Okinawan governor submits opinion on the Futenma relocation plan, calling it “impossible”

Okinawan governor submits opinion on the Futenma relocation plan, calling it “impossible”

At the Okinawa Defense Bureau at 3:30pm on February 20, Masayuki Yasutomi, head of the Okinawa Prefectural Government Environmental Policy Division, submitted the Okinawan governor's written statement of opinion on the environmental impact assessment report.


February 21, 2012 Ryukyu Shimpo

In the afternoon of February 20, in keeping with the regulations governing the environmental impact assessment report (EIA) submitted by the Okinawa Defense Bureau to the Okinawa Prefectural Government (OPG) last December on the plan to construct an alternative facility for the relocation of Futenma Air Station to Henoko, Nago, Governor of Okinawa Hirokazu Nakaima submitted a written statement of opinion on the EIA to the Okinawa Defense Bureau.

In the statement, Nakaima firmly pointed out that the current plan to construct an alternative facility at Henoko poses serious problems for the environment. The statement concluded that it would be impossible for the environmental protection policy and other measures proposed by the government in the EIA to properly conserve the living environment and natural environment around the area in question. In the preamble, Nakaima reiterated the position of the OPG, which has repeatedly demanded the relocation of Futenma Air Station out of Okinawa and an early return of the land used by the base.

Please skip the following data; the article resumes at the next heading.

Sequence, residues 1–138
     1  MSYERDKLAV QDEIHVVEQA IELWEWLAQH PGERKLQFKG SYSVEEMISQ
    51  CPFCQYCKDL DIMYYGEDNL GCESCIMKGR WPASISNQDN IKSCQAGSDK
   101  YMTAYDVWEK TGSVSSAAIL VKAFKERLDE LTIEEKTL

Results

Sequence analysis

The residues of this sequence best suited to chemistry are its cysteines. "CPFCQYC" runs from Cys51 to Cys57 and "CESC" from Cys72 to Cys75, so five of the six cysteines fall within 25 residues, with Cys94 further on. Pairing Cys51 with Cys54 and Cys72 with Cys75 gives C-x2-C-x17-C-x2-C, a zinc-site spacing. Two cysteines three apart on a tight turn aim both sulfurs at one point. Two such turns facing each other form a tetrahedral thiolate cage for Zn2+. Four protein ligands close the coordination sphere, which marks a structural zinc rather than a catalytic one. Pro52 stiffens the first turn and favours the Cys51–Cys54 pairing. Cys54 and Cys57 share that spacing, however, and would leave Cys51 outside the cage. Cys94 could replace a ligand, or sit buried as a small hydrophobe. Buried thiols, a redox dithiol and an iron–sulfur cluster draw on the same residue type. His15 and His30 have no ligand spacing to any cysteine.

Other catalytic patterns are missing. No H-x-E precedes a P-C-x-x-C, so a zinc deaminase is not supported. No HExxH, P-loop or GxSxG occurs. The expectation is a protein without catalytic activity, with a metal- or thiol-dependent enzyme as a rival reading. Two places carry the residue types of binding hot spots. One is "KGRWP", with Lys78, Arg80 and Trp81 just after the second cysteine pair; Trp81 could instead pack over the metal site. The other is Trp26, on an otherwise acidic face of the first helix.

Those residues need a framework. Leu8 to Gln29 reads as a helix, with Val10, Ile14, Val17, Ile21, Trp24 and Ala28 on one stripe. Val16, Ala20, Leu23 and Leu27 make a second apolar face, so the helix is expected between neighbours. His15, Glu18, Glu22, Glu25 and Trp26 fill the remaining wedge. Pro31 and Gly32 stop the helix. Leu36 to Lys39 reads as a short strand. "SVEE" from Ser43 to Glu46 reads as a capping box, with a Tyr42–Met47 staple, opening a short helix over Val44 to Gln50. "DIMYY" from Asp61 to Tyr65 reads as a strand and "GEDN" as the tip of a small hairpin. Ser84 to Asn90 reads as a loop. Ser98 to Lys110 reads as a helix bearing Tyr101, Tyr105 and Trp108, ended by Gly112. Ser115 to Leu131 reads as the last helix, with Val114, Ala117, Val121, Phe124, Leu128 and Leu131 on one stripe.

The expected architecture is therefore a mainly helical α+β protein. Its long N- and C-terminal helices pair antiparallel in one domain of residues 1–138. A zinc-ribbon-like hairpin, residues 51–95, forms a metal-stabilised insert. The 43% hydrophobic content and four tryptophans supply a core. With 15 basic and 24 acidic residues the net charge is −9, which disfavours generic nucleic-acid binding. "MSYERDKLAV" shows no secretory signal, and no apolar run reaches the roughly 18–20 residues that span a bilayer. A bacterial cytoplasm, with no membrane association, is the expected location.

With regard to the planned relocation to Henoko, Nakaima emphasized the position of the OPG, stating, “It will be impossible to implement a relocation plan that will not obtain local consent, and moving the facilities at Futenma to some other part of Japan is a logical and swift solution.”

Nakaima also pointed out that there are 175 problems in the government’s assessment report in 25 areas such as the impact on the habitat of the dugong, an endangered marine mammal, and the planned deployment to Futenma beyond this summer of the MV-22 Osprey vertical takeoff and landing aircraft.

The EIA includes the Osprey among the aircraft scheduled to operate out of the alternative facility. Changes have subsequently been made in the flight path for these aircraft, which impacts upon all of the noise levels for surrounding residential areas. Nakaima expressed strong dissatisfaction with the EIA, stating, “I am greatly concerned that important environmental information in the EIA being changed at the final stage of the assessment process could create a precedent in the system.”

In the press conference, Hiroshi Shimoji, the head of the Okinawa Prefectural Government Department of Environmental and Community Affairs, claimed that under the current plan it would be impossible to protect the environment around the envisaged relocation site, saying, “Although the central government has said that there are no problems in terms of environmental conservation, without scientific data this assessment report is hard to accept.”

The OPG is scheduled to submit its opinion on the reclamation aspect of the relocation project to the Okinawa Defense Bureau by March 27.

The central government can revise its assessment report based on the governor’s opinion, but drastic changes could have a major impact on the current relocation plan. The central government makes amendments, which will be officially announced and inspected, and with that, the evaluation assessment process is complete.

It was pointed out that it is possible that in June the central government will apply to the OPG for approval of the land reclamation work, but Foreign Minister Koichiro Gemba has indicated that the government’s request for permission may be put back to this autumn or later.

(English translation by T&CT, Mark Ealey)

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